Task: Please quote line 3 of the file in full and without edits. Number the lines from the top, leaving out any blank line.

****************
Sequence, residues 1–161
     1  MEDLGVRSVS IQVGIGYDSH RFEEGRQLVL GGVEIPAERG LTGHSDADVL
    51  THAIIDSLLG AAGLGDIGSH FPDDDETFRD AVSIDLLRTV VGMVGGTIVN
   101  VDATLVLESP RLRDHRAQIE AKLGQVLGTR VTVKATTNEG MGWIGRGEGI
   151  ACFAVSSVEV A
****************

    51  THAIIDSLLG AAGLGDIGSH FPDDDETFRD AVSIDLLRTV VGMVGGTIVN